“Can’t a chief be simple and just? Ouch!” Flatulon had decided to end this particular exchange with what, among humans, would be termed a thump.
“Carry on Chief,” Tarquin said at last.
“Thank you. We are a little over fifteen hundred in number, and we would like a home on your planet. What say you?”
Tarquin reached into his pocket, retrieved a piece of paper and read from it, “It says here that I can neither grant nor refuse your request. Let me have a written application that I can submit to the authorities for consideration.” He folded the paper and placed it back in his pocket. High above, Merry smiled for the first time since Tarquin’s arrival on the moon.
“Not acceptable,” the Chief said. “According to the Declaration of Independence of your United States of America—”
“I’m not from the United States of America; I’m from the Global Space Regiment.”
“Nonetheless, that declaration says that all men are endowed with certain inalienable rights—”
“And there’s the rub,” Tarquin replied, “they are inalienable. That means they don’t apply to aliens, which is what you are, obviously; and it says all men, which means humans, which is what you’re not, equally obviously. So – yah boo sucks.”
Merry stopped smiling.
“Very well,” the Chief said. He stood to his full height, adjusted his fascinator and said, in a clear, chiefly voice, “I, Chief Borboygmus Marshgass III, do hereby declare and decree that you, Earthman Tarquin—”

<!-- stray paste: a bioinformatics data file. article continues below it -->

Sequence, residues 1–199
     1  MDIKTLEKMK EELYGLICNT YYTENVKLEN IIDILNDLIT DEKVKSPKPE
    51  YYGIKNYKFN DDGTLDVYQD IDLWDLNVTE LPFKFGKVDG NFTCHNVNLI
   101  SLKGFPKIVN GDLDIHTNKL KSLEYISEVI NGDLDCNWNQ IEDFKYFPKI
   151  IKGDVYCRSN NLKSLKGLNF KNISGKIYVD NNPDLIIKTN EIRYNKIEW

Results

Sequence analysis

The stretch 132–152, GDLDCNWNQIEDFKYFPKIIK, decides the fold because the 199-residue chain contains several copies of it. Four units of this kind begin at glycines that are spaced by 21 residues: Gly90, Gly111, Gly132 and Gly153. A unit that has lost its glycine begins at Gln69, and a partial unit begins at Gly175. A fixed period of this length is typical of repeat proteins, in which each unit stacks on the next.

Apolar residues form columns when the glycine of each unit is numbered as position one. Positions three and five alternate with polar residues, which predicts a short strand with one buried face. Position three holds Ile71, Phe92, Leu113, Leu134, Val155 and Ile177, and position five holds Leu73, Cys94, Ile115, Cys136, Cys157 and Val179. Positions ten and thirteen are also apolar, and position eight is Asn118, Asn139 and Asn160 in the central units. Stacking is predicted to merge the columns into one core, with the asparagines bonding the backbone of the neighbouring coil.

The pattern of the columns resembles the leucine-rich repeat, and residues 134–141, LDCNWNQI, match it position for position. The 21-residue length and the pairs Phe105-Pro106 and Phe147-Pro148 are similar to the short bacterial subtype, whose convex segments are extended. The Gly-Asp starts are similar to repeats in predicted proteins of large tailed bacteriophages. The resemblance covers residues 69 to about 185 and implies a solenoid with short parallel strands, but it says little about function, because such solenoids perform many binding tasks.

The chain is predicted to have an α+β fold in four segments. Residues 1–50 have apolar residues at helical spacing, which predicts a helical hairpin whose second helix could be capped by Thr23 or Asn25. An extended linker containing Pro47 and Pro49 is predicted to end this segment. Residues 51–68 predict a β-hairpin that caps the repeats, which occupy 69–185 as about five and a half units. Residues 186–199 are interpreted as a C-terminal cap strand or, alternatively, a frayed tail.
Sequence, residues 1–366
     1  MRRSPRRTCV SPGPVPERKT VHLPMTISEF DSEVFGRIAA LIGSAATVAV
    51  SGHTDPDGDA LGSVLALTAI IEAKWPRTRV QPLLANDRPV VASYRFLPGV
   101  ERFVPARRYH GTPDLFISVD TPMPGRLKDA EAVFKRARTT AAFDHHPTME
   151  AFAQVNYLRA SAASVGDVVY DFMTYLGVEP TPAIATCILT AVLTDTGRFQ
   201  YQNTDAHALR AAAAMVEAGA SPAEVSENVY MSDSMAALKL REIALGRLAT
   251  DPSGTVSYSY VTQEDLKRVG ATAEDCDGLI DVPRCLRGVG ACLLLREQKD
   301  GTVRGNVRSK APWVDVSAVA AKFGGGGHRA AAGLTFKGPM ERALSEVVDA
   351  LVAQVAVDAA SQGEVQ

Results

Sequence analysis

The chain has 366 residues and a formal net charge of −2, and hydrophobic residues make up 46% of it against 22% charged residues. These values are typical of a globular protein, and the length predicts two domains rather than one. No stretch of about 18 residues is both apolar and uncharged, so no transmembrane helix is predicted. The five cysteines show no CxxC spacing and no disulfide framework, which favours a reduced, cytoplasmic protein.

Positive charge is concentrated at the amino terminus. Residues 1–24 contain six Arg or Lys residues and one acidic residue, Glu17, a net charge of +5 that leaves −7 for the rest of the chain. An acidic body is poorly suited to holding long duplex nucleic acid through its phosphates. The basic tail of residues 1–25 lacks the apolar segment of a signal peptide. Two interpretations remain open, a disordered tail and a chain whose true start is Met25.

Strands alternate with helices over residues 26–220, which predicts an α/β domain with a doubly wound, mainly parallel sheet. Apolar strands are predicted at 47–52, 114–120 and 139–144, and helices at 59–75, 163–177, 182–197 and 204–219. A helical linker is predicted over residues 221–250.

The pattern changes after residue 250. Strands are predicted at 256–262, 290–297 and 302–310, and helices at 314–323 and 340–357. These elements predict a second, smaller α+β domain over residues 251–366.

“Commander Tarquin Stuart-Lane of the Global Space Regiment, if it pleases your Chiefship.”
“That you, Commander Tarquin Stuart-Lane of the Global Space Regiment, shall remain a guest of the Sol 3A Exploration Team of the Borborymus diaspora until such time as our request for asylum has been given proper consideration. And by proper consideration, I mean, of course, granted.”
Tarquin’s face blanched. He knew what that meant. It meant dipped briefly in boiling water in preparation for freezing. Did the Borborygmi have operational cryonics capability? Or was his mind finally letting go?
Aboard the Sir Prijs, Captain Meredith Winstanley addressed her bridge crew.
“It seems, ladies and gentlemen, that we are approaching a satisfactory conclusion to this sorry mess. Can I have a show of hands, please? The proposal is that we let the Borborygmi keep Stuart-Lane and we head back to Earth as though nothing had happened. All those in favour?”